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An important story for our era: How the American Dream went wrong for two immigrants, and the nightmare that resulted. The facts of the tragedy are established: On April 15, 2013, two homemade bombs fashioned from pressure cookers exploded near the finish line of the Boston Marathon, killing three people and wounding 264 others. The elder of the brothers suspected of committing this atrocity, Tamerlan Tsarnaev, died in the ensuing manhunt; Dzhokhar will stand trial in January 2015. What we don't know is why. How did such a nightmare come to pass? This is a probing and powerful story of dislocation, and the longing for clarity and identity that can reach the point of combustion. Bestselling Russian-American author Masha Gessen is uniquely endowed with the background, access, and talent to tell it. She explains who the brothers were and how they came to do what they appear to have done. From their displaced beginnings, as descendants of ethnic Chechens deported to Central Asia in the Stalin era, Gessen follows them as they are displaced again, from strife-ridden Kyrgyzstan to war-torn Dagestan, and then, as emigres to the United States, into an utterly disorienting new world. Most crucially, she reconstructs the struggle between assimilation and alienation that ensued for each of the brothers, fueling their apparent metamorphosis into a new breed of homegrown terrorist, with their feet on American soil but their loyalties elsewhere--a split in identity that seems to have incubated a deadly sense of mission. Like Dave Cullen's Columbine, this will be the enduring account of an indelible tragedy.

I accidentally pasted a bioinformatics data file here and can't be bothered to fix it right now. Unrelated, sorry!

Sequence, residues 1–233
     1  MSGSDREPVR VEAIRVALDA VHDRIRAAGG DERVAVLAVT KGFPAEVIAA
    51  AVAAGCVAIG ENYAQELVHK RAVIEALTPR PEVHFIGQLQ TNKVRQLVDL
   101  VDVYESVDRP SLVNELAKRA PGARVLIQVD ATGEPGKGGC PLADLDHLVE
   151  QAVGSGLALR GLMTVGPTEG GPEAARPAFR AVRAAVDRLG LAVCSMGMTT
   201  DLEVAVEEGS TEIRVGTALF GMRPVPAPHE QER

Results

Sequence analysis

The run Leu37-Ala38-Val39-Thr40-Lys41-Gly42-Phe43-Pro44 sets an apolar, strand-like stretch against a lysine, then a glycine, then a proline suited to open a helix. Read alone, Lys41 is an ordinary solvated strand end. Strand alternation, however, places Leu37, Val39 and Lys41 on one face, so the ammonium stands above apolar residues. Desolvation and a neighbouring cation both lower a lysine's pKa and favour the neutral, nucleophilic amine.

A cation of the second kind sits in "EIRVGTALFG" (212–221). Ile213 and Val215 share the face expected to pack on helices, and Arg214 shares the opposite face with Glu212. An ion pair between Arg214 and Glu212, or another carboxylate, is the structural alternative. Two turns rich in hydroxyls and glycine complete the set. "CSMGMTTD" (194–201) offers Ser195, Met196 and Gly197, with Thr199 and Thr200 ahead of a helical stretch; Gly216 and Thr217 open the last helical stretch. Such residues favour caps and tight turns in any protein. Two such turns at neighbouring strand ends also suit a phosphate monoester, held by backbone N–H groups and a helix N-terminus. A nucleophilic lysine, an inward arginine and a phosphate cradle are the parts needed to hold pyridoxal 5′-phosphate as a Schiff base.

About the Author
Masha Gessen is a Russian-American journalist who is the author of several books, most recently the national bestseller The Man Without a Face: The Unlikely Rise of Vladimir Putin (Riverhead, 2012) and Words Will Break Cement: The Passion of Pussy Riot (Riverhead, 2014). Her work has appeared in the New Yorker, Vanity Fair, The New York Times, The New York Review of Books, Slate, and many other publications, and has received numerous awards, most recently the 2013 Media for Liberty Award. She has served as the editor of several publications and as director of Radio Liberty's Russia Service. She lives in New York.